Last week, Muslims around the world observed Eid al-Adha, which marks the completion of the hajj. The central character in the story of hajj is not Muhammad, but Abraham, whose willingness to sacrifice what he loved most in the world—his own son—is imitated when pilgrims throw stones at walls representing the devil. In honor of Abraham’s absolute submission to God, Muslims celebrate Eid al-Adha with the slaughter of a goat or lamb.

Towards the start of November, Shi’a Muslims will commemorate another sacrifice: the martyrdom of Husayn, Muhammad’s grandson, on the day of Ashura. Husayn gave his life in an impossible war against the unjust powers of his time. In a controversial practice, many observers of Ashura will mark their love for Husayn on their own bodies, whipping their backs with blades or lacerating their heads. Even within Shi’a communities, the practice’s Islamic appropriateness is debated. The image of men parading through the streets, drenched in their own blood, has become ammunition for more than one polemical agenda: Sunnis might use the practice to say that Shi’as are not legitimate Muslims, and Islamophobes look at the scene as evidence that Islam at large is fanatical and violent.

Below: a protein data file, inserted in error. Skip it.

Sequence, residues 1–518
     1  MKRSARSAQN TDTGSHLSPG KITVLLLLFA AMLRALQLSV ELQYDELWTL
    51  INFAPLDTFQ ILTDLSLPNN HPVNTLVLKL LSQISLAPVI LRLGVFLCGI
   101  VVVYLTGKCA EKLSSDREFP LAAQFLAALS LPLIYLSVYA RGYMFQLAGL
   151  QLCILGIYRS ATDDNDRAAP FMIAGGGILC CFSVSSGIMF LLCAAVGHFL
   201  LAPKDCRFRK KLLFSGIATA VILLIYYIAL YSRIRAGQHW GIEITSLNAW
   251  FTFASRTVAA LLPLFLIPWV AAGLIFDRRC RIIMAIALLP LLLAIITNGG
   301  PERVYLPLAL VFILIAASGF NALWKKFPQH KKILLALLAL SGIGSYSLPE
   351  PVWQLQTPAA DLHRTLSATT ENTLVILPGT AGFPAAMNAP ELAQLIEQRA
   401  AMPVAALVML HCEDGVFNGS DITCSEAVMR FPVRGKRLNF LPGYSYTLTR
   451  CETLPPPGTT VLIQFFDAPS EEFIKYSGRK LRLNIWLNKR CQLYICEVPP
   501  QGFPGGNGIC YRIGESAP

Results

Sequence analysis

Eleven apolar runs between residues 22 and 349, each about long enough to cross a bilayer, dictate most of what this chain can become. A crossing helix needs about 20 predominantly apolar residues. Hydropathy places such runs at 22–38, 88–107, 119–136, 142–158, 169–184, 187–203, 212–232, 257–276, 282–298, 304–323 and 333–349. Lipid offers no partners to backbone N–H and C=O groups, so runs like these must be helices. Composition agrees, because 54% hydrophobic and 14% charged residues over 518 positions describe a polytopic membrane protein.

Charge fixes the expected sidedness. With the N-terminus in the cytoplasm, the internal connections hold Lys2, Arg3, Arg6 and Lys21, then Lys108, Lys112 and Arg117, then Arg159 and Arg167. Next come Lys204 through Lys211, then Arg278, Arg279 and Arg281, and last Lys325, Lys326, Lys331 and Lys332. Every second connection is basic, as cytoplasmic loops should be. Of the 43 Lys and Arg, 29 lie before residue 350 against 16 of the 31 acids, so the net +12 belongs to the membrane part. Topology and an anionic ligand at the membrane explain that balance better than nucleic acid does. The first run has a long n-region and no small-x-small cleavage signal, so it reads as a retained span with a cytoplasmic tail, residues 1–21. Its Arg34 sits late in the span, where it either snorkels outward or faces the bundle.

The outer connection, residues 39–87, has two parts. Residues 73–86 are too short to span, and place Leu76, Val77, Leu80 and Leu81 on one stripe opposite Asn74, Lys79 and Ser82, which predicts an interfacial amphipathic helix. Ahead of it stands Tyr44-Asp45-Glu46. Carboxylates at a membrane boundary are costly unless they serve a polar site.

In the cases of both Eid al-Adha and Ashura, there are Muslims who seek to reform these practices to match their own ideas of what it means to be modern, rational, and humane. In alternative visions of Eid al-Adha, the slaughter of an animal and the distribution of its meat among the needy can be replaced by other forms of charity. In commemoration of Husayn’s willingness to be slaughtered on Ashura, many Muslims choose to donate their blood, either as an alternative or complement to self-injury. On the day of Ashura in Shi’a-majority Iran, blood banks collect nearly four times their daily average.

I can appreciate efforts to read these stories of Abraham and Husayn as calls to ethical action in the world; Muslims have been doing this throughout their history. Muslims who refrain from slaughtering animals on Eid do so with belief that Islam privileges compassion and mercy over ritual demands. Muslims who donate to blood banks on Ashura are following the supreme example of Husayn, who gave his blood in a much more drastic fashion. While innovating in their practice, these Muslims remain invested in their tradition, seeking to uphold its power and meaning in new contexts.